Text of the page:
Riverfront Parks Now, an initiative of Scenic Jacksonville and joined by The Garden Club of Jacksonville, St. Johns RIVERKEEPER and the Late Bloomers Garden Club and supported by other conservation organizations, including Duval Audubon, has proposed the development of much of the city’s downtown north bank of the St. Johns River into a resiliency park. This area was heavily flooded during Hurricane Irma in 2017. Jacksonville's mayor has been inclined to sell this property to private businesses who would (presumably) fortify the riverbanks with hard structures and build right up to the river. Riverfront Parks Now instead proposes the creation of a riverfront park with areas of natural wetlands and flood overflow that would also provide natural recreation open to all, encourage people to go downtown, and provide business opportunities as well as flood protection for downtown businesses.
Our chapter has also lent support to Free the Ocklawaha, a coalition of many of Florida's major environmental organizations. Its mission: "To restore the Ocklawaha as a free-flowing River, reconnecting the Silver and St. Johns Rivers, and elevating the regional benefits for all." The Ocklawaha River is the largest tributary of the St. Johns River and flows from Silver Springs to the St. Johns River near Palatka in Clay County. This initiative seeks the removal or breaching of the Kirkpatrick Dam (also known as the Rodman Dam), which would result in the restoration of the natural flow of the Ocklawaha River and release the flow of twenty springs that have been suppressed by the weight of the water in the pool created by the dam.
Duval Audubon has also joined Florida Climate Voices, a new clearinghouse for climate related activities and experiences. This is a movement that grew out of Rethink Energy Florida and is trying to spread to all areas of Florida to let people know what climate and resiliency activities are available. The Florida Climate Voices coalition is dedicated to increasing public awareness of the direct climate threats Florida faces, with a special emphasis on action and equity.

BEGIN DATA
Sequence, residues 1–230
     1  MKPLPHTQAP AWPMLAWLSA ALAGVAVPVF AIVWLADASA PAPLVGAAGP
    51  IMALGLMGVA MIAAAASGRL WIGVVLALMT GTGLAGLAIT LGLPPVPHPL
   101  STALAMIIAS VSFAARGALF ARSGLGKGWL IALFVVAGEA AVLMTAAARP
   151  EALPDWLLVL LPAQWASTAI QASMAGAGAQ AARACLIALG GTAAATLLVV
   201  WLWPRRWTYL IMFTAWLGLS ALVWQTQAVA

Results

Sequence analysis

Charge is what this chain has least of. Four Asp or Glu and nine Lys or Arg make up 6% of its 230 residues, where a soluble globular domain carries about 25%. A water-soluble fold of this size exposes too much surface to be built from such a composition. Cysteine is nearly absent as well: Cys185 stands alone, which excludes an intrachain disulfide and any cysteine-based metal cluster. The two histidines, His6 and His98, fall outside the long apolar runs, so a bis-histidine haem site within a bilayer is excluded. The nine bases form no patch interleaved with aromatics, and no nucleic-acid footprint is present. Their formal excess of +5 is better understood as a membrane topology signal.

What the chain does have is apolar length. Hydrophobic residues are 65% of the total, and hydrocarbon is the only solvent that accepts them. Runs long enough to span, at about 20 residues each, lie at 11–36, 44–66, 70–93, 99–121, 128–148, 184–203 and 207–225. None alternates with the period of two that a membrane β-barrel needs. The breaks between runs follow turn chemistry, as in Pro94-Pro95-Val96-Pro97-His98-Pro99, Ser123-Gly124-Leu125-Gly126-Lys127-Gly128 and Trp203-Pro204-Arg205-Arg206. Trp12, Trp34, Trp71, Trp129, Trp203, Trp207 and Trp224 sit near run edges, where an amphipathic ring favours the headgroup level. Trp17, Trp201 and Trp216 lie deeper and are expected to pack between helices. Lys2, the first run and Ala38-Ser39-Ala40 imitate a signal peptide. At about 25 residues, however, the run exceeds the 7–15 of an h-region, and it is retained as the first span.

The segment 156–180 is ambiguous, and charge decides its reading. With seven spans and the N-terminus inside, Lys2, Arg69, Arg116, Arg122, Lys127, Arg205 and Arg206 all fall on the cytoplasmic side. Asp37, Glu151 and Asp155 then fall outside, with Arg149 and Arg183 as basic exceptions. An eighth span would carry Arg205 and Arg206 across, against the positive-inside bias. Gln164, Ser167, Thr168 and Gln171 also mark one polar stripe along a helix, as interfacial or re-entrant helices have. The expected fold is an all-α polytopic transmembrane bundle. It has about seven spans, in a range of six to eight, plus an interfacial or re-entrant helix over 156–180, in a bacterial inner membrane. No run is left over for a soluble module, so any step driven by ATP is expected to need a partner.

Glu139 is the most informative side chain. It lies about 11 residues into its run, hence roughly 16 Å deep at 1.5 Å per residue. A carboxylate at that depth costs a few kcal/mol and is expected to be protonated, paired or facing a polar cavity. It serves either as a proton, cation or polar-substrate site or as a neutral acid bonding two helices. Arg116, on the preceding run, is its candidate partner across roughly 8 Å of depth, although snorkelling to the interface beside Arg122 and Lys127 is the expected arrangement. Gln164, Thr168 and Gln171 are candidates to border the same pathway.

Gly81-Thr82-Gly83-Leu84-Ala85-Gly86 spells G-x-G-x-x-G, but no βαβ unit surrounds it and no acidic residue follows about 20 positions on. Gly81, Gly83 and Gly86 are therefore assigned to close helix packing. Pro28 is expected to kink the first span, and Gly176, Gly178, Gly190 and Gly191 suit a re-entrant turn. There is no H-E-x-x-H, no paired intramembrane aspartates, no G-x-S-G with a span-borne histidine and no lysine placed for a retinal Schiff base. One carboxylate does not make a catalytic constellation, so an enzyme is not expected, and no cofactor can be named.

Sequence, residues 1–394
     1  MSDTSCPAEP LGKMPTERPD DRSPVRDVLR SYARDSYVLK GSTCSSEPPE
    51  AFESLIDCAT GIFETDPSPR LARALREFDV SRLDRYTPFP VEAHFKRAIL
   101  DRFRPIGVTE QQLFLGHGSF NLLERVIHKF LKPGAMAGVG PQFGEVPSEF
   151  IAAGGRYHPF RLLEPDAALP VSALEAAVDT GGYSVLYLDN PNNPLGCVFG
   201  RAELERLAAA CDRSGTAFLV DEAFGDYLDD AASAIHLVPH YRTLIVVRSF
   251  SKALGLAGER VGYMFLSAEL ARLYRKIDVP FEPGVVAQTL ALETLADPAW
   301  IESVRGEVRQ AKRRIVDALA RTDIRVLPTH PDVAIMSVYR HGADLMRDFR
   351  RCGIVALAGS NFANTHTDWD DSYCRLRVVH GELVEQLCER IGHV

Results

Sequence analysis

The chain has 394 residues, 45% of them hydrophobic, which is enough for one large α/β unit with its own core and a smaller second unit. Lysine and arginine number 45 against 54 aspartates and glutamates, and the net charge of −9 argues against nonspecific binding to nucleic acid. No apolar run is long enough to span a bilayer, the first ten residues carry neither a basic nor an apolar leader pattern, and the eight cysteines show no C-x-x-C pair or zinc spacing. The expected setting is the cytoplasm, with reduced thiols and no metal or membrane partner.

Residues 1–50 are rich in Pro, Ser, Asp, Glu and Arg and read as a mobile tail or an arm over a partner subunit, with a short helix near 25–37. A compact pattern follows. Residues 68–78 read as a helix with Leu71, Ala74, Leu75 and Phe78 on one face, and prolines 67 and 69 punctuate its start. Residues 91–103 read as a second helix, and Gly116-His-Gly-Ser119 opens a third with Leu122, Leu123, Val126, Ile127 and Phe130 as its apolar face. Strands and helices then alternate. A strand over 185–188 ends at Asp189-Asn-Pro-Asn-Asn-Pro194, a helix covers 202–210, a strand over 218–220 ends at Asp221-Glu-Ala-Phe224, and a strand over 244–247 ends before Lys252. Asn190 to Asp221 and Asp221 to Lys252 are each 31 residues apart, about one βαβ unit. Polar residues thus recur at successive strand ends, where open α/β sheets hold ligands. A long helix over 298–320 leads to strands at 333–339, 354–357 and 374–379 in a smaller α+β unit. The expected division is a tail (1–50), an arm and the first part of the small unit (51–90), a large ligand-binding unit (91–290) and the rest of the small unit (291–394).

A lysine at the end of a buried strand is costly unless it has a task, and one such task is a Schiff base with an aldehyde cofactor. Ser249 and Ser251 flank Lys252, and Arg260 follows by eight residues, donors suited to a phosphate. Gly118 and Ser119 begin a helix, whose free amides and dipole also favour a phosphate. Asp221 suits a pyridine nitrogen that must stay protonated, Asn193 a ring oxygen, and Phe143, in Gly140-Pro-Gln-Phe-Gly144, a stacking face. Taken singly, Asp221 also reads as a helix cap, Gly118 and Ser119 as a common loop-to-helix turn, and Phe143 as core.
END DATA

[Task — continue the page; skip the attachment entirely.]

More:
Many of these efforts are just starting and Duval Audubon, representing members in Clay, Duval, and Nassau counties, is trying to get involved wherever we think we can be useful.
Be a Florida Climate Change Messenger
Climate change threatens the birds we see every day. The warming trend poses profound challenges to conservation. With breaks in the links that connect birds with their migration and food sources including habitat loss, we are challenged to find solutions.
Audubon’s "Survival By Degrees" Birds & Climate Change Report confirmed that climate change is the single greatest threat to our North American birds. This report found that 389 bird species are at risk of extinction due to drastic shifts in their breeding or winter distributions.
Our Florida coasts are particularly vulnerable because of rising sea levels. Building sea walls is not the solution to holding back the ocean. We need to preserve uplands adjacent to our beaches and saltmarshes which will act as corridors as the coastlines retreat.
We need your help in getting the message to the public and our elected officials. Here are helpful resources in spreading the word:
- Florida Climate Change Advocacy
- Video: Rising Seas: Florida's Vulnerable Beaches and Islands
- Video: Rising Seas: Florida's Vulnerable Saltmarsh
- Florida Audubon Model Ordinance Toolkit
- Find Your Local Elected Officials
- Join Audubon Florida's Conservation Network to stay abreast of conservation issues.